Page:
A new report suggests contractors that provide engineering, procurement and construction (EPC) services in the renewable sector will need to adapt to a more competitive market.

While the market is expected to double by 2021, the scarcity of large utility-scale projects will potentially require the largest EPC firms to change their business models, concludes the report, released Oct. 14 from Bloomberg New Energy Finance (BNEF) and Cohn Reznick, a tax and accounting firm with a renewable energy practice.

Michael De Capua, head of analysis in the Americas for BNEF, says, "In an environment in which the easy projects have been done and [tax] incentives are expiring, differentiation and know-how matter more than ever." For example, some EPC firms that have historically focused on wind are starting to broaden their attention to solar, which can offer a more stable policy environment, the report concludes. Firms that can focus on smaller utility-scale solar projects in states with robust incentives may find higher margins than might be gained from large-scale wind.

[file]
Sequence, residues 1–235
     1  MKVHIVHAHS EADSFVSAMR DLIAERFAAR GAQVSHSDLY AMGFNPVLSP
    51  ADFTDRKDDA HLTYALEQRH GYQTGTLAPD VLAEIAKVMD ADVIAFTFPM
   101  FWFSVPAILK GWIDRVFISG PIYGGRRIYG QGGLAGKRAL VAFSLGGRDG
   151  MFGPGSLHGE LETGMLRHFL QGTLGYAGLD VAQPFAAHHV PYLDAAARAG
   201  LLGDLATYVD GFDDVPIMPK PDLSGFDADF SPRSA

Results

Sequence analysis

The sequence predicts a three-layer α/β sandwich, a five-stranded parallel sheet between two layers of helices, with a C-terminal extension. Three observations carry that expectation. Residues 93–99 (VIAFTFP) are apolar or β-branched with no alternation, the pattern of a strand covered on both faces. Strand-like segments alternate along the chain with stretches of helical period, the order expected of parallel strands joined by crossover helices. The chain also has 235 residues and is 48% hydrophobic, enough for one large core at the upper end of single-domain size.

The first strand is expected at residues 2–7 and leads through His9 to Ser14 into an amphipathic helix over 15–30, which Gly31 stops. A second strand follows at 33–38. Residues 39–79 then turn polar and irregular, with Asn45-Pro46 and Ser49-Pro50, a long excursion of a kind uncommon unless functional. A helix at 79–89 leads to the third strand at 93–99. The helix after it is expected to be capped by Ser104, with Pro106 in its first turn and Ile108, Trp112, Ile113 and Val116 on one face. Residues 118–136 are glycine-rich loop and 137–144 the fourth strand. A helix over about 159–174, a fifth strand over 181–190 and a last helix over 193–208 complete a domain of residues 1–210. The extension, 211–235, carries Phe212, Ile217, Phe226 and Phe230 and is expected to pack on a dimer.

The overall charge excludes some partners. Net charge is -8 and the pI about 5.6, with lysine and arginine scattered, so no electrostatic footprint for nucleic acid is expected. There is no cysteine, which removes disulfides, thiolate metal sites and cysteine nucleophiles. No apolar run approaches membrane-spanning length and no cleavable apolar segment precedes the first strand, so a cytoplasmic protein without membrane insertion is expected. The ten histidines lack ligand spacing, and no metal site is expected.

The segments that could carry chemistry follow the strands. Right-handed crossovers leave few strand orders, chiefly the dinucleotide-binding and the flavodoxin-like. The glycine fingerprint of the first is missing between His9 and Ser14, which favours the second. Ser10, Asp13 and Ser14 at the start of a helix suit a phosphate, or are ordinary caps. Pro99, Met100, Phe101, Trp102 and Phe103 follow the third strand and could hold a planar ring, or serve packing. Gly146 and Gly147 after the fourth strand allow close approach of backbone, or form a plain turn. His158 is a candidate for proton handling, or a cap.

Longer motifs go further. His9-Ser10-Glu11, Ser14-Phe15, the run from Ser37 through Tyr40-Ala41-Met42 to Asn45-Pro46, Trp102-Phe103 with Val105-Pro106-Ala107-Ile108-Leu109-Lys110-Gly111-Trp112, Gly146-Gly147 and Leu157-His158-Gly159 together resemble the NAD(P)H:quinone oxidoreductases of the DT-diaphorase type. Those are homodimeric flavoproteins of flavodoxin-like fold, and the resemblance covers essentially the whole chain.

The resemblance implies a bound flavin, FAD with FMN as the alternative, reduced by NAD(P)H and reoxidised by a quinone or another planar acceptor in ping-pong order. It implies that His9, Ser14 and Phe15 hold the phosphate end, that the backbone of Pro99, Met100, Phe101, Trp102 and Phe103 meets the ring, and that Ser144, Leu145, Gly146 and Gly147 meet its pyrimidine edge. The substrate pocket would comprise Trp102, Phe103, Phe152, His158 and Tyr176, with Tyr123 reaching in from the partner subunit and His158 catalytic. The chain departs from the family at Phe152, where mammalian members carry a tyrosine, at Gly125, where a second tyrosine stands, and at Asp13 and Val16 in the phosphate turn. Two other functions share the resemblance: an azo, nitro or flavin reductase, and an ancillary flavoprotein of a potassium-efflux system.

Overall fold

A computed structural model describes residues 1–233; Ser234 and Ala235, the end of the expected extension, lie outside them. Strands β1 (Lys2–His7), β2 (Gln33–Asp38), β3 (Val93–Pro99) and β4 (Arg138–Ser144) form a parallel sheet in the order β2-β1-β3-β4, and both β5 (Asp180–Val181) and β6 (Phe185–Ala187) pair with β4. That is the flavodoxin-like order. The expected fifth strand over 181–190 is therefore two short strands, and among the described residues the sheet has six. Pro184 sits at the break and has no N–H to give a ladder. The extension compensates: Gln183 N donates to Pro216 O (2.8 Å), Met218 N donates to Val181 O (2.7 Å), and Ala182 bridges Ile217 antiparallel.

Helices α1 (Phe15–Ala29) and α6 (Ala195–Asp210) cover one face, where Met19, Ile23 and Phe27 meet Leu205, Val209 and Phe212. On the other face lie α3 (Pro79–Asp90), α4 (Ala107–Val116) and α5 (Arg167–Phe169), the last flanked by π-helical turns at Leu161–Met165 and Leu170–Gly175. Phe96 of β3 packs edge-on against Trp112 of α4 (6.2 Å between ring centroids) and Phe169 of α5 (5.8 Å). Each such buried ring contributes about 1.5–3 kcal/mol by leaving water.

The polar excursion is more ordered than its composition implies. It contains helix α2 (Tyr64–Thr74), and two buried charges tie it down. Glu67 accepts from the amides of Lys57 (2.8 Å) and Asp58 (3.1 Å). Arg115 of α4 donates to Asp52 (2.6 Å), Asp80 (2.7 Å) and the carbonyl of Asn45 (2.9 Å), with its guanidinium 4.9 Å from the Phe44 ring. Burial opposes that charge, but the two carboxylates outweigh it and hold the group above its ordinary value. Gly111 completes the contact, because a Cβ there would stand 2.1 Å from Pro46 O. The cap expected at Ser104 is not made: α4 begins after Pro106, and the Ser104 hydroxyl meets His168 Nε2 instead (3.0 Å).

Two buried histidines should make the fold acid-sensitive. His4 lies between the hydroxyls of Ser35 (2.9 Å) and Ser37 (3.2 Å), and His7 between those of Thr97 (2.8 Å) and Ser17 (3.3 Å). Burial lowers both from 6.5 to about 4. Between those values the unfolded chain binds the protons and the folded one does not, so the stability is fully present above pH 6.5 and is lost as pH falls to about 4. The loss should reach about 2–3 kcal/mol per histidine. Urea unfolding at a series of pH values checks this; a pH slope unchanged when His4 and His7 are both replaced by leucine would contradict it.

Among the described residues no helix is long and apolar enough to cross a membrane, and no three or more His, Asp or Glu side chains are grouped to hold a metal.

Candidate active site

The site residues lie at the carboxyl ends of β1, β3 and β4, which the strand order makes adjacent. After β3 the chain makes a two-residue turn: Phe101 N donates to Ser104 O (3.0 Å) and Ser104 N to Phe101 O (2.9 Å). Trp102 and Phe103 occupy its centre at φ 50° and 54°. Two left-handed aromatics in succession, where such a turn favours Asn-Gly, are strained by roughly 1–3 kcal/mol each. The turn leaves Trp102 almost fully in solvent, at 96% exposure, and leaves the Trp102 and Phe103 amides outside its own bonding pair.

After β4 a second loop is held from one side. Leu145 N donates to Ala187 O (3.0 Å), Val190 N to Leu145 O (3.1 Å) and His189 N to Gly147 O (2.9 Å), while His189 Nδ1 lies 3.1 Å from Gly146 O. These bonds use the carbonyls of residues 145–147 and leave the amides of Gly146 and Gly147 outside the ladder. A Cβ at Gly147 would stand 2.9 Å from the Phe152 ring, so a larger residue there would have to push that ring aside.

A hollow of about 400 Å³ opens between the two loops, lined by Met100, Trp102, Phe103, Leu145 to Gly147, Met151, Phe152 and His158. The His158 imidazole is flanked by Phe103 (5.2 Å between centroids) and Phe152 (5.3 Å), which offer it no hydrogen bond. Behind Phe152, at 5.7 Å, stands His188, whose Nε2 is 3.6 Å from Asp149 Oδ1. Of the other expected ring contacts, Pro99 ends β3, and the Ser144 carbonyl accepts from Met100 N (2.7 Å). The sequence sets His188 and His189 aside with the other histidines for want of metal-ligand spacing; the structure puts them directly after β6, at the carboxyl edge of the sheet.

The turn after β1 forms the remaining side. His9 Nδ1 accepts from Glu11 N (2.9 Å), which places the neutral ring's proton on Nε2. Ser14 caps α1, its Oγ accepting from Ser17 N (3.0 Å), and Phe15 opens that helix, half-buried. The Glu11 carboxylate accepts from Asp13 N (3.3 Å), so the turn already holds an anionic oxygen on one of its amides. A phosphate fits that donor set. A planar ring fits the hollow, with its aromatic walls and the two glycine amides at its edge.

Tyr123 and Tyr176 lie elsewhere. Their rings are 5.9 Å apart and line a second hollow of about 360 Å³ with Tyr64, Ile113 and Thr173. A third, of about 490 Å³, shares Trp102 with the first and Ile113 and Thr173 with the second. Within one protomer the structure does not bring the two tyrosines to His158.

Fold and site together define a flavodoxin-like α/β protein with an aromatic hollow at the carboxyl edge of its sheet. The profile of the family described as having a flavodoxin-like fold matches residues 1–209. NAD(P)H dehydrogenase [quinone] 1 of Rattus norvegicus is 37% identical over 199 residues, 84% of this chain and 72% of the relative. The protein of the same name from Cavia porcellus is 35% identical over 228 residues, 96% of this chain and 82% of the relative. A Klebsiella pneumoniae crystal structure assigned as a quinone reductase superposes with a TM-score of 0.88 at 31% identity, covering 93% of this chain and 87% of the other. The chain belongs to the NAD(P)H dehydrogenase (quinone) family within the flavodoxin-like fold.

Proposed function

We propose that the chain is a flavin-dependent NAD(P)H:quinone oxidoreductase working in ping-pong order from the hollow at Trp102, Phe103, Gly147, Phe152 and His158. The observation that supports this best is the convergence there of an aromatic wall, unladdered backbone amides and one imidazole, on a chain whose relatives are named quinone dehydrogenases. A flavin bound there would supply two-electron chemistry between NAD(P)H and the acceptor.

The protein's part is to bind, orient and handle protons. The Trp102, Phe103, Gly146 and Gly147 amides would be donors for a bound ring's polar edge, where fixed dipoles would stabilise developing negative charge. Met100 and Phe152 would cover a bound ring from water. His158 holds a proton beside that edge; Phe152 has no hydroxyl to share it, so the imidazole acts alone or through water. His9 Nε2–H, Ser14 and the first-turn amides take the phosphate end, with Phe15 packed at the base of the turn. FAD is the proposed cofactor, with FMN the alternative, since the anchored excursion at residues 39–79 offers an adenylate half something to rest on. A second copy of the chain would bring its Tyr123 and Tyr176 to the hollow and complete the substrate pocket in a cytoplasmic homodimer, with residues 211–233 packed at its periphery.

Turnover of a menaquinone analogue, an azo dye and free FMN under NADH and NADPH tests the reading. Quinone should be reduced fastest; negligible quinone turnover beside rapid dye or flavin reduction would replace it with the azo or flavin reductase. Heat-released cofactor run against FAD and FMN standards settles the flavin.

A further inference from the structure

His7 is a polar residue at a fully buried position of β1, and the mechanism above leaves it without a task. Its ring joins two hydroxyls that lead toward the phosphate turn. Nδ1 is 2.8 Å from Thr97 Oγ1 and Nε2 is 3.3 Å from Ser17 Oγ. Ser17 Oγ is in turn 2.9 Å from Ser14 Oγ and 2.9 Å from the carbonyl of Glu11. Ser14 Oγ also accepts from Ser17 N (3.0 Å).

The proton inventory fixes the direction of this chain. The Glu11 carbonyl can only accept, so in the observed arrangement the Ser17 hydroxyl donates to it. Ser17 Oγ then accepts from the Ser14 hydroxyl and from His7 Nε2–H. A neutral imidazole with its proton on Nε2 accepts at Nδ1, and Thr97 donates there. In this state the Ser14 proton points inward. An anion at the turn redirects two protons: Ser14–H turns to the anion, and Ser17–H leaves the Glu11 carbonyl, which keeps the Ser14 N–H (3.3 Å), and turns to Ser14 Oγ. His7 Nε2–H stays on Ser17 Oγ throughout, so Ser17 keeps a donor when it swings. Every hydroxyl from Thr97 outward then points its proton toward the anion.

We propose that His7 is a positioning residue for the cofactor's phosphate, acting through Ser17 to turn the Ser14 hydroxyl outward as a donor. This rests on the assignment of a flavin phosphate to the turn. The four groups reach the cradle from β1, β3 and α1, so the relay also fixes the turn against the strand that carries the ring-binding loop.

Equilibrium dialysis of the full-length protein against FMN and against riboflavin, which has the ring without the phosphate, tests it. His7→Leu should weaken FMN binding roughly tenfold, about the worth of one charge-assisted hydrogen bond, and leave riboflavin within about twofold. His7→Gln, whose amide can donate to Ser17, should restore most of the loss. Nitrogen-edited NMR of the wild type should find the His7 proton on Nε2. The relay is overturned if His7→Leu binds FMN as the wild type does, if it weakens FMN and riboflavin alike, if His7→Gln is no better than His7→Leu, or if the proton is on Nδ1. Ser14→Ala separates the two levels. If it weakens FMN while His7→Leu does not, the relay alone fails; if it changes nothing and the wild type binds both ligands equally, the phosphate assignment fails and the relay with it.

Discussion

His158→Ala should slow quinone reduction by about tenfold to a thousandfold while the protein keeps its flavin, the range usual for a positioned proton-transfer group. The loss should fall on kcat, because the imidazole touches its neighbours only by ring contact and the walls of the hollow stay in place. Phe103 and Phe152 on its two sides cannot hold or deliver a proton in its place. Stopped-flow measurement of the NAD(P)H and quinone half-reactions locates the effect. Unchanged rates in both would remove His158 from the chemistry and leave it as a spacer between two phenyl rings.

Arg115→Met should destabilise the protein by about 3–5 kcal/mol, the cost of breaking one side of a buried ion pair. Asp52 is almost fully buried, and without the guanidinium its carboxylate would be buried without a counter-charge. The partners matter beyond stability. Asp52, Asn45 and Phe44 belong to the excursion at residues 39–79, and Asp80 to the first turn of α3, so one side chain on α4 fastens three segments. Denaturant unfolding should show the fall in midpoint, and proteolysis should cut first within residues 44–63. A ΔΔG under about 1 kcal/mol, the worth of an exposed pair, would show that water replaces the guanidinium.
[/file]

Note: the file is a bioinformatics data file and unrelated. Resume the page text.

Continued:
The market for EPC services for utility-scale solar and wind is expected to peak at $7.2 billion in 2015 before falling 28% to $5.2 billion in 2016 and another 52% to $2.5 billion in 2017, as a number of tax incentives expire or decrease in those years. Estimated EPC prices for photovoltaic solar projects range from $1.38/W for very large desert-based projects using thin-film modules to $1.97/W for projects around 5 MW in size in New Jersey, with labor the most important variable, the report finds.

For wind, EPC costs (excluding costs of turbines) range from $0.41/W in Oklahoma to $0.62/W in New England.

Jacqueline Lilinshtein, Clean Energy Economics analyst at BNEF, said, "On the solar side, downward pressure on margins will likely continue as developers look to EPCs to absorb expected price increases caused by tariffs in Chinese panels. On the wind side, competition with the gas industry for labor and basic commodities will add additional stress."